Don’t get hung up on whether you like or dislike a name – The perfect name can often be elusive. Ask yourself, is this the right name? Is it fit for purpose? Will it resonate with our target audience?
There are no strict laws you must follow, but here are some good rules of thumb to help you arrive at the best name sooner:
Names should be clear and easy to pronounce – keep this in mind, especially when the name is to be used in overseas markets.
Names should be easy and obvious to spell just from hearing them spoken.
Names generally should “sound right” They should have a clear sound balance when spoken out loud.
Names should look good and be easy to read.
Names should be distinctive and stand apart.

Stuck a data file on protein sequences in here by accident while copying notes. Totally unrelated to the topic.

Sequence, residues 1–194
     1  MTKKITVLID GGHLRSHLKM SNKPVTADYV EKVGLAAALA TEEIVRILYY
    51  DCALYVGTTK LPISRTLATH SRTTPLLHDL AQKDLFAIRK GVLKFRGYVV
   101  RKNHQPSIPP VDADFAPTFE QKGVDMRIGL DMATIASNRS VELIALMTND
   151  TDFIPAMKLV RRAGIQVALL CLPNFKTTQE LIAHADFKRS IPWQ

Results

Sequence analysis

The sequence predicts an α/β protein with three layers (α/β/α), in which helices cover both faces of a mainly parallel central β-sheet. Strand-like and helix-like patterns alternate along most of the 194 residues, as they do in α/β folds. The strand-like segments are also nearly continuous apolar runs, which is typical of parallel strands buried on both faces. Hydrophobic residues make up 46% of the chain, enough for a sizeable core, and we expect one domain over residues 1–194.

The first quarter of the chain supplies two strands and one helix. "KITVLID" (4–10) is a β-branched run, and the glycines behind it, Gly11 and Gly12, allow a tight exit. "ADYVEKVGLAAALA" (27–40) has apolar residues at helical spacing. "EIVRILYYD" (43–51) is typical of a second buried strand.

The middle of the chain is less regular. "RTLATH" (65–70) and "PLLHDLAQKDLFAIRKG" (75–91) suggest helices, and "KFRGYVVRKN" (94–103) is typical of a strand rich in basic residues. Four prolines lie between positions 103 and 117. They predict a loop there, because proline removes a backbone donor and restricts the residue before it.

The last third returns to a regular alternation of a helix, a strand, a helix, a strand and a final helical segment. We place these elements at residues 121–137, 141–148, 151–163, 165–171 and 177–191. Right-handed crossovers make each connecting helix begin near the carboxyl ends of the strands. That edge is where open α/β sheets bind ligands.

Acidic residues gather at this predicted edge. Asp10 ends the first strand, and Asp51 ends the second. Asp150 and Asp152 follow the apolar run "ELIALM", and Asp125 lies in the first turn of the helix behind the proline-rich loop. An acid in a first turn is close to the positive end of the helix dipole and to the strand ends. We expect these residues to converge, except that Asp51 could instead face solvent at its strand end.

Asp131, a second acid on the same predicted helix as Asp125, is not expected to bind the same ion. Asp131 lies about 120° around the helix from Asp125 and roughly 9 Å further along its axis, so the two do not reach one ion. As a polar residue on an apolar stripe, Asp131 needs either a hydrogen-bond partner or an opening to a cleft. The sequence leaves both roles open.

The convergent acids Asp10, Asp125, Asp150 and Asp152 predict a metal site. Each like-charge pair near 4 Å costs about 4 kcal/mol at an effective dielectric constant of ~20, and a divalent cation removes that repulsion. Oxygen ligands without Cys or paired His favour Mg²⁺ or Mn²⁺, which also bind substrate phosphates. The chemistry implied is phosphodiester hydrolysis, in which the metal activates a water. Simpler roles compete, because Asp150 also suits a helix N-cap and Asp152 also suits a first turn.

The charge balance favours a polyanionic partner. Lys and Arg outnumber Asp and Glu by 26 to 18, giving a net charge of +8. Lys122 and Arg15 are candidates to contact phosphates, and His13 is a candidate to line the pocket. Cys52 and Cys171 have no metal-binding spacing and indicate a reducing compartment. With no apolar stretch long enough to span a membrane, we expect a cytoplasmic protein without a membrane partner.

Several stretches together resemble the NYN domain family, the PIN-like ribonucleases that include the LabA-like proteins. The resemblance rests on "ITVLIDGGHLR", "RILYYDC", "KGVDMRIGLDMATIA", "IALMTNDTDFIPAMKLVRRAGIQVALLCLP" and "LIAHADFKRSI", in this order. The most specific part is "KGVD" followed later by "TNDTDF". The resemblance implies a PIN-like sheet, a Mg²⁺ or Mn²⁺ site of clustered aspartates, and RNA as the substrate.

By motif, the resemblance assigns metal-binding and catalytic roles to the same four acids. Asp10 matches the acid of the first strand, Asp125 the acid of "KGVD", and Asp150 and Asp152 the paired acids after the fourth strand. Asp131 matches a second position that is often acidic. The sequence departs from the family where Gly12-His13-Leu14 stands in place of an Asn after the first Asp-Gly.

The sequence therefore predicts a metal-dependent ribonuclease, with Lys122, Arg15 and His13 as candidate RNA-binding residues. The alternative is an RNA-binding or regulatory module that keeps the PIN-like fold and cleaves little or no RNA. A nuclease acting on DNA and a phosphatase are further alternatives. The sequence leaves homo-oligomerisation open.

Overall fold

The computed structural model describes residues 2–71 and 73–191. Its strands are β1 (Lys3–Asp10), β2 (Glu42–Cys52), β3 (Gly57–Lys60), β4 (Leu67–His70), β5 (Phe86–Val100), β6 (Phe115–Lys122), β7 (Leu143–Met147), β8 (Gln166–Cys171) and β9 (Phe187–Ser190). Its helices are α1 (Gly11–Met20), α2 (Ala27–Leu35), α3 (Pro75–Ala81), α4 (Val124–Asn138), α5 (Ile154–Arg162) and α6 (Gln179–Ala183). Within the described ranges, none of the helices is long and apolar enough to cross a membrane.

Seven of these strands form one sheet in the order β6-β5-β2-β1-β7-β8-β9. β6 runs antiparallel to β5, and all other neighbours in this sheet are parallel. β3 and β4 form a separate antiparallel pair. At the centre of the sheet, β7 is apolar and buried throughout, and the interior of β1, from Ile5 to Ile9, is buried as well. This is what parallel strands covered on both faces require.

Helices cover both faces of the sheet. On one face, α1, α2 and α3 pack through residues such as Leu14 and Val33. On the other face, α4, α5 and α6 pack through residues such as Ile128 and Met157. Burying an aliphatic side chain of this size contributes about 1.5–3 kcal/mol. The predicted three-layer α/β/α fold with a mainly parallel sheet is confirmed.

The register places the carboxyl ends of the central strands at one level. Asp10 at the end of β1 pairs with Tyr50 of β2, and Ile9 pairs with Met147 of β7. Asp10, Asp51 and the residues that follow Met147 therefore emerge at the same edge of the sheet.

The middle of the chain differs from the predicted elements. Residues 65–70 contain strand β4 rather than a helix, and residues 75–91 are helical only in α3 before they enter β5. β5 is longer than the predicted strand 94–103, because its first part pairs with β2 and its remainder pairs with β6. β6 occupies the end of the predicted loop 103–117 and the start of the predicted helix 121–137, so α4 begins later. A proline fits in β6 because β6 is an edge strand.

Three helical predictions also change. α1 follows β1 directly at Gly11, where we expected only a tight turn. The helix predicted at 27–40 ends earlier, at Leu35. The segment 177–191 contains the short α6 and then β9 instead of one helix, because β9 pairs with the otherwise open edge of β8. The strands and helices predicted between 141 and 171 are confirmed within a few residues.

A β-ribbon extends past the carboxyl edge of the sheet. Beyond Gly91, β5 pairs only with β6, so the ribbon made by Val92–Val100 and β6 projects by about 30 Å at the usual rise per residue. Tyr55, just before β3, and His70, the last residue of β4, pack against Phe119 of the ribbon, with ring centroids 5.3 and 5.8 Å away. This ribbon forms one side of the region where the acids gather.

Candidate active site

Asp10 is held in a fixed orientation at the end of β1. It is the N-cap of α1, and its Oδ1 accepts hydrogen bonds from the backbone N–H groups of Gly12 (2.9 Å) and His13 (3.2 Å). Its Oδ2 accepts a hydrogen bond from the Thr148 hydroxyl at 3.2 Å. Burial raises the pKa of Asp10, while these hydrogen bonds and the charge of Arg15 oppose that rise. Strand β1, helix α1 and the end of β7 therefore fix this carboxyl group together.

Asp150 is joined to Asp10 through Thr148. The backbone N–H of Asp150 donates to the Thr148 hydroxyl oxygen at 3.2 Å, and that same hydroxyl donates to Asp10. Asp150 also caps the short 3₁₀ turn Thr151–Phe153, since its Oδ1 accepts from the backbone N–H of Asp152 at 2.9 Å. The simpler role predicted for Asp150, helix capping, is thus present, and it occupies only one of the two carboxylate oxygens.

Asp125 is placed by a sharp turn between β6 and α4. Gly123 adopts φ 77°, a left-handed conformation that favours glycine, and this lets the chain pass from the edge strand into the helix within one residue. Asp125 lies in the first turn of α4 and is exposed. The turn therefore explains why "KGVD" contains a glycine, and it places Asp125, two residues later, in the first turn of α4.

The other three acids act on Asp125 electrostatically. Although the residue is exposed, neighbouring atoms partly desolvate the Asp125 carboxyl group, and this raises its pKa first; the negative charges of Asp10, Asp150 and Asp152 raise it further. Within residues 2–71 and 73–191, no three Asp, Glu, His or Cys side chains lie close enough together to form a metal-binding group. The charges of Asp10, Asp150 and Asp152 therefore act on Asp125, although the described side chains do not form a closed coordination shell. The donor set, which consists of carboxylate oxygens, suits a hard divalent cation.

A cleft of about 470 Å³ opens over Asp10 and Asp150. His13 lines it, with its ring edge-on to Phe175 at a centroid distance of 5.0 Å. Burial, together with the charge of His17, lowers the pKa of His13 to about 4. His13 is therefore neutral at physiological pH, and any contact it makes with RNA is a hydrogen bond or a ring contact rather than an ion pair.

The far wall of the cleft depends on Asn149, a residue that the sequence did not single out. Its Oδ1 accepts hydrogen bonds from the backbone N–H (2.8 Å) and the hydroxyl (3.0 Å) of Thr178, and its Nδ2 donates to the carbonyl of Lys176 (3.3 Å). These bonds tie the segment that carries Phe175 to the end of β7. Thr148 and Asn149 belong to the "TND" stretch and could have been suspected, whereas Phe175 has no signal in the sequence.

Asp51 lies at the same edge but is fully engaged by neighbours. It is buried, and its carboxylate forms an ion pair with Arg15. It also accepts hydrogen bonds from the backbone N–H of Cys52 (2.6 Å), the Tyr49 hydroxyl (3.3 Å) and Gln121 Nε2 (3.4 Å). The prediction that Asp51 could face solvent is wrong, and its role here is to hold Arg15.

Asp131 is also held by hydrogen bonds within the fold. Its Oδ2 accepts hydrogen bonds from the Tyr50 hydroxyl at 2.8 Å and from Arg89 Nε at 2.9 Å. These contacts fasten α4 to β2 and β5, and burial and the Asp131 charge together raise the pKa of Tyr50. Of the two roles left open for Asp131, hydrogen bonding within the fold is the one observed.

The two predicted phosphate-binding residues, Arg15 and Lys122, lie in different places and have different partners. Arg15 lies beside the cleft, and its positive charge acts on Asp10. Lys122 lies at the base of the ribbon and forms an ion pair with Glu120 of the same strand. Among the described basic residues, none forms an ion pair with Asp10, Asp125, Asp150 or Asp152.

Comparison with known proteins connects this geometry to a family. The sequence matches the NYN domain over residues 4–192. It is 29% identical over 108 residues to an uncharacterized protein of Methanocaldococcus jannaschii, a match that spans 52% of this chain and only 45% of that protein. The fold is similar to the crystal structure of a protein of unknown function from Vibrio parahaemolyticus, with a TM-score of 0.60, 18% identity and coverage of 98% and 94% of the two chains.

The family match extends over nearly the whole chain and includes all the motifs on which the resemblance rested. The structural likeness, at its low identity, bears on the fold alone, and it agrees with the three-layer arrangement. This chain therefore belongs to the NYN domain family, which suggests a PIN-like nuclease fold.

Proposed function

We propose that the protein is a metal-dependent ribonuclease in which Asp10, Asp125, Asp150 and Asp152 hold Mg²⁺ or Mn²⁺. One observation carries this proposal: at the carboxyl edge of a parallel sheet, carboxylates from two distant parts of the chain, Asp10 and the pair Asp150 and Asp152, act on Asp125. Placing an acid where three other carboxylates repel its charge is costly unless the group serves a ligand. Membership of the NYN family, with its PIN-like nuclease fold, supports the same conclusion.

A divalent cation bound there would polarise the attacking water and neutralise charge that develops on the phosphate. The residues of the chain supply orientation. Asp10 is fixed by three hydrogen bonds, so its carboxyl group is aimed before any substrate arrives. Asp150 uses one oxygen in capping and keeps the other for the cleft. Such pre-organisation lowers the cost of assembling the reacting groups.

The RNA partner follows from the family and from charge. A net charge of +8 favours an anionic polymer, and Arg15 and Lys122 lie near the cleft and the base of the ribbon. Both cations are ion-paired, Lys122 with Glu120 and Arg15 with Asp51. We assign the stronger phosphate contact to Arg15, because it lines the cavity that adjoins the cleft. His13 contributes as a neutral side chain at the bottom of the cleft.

Names should be easy to recall (as opposed to ‘memorable’ – my holidays were memorable…)
Names should align perfectly with your brand plan and reflect the personality and values of your brand.
Names should be future-proofed. Will your brand be the same in 5 years? Will the name lend itself to range extensions or other shifts in your brand architecture?
Don’t get side-tracked by the “That sounds just like …….” (unless it’s something definitively negative or controversial). Remember, names are almost always used in CONTEXT – (e.g. When people talk about Apple products, no one gets confused with the fruit). The name is used to identify the company, product or service.
It’s important to understand that names are symbols or trigger devices. In a fraction of a second, they identify the entity being referred to. We rarely give brand names any conscious thought, except when being introduced for the first time. Although an important part of a brand, they are not the brand itself.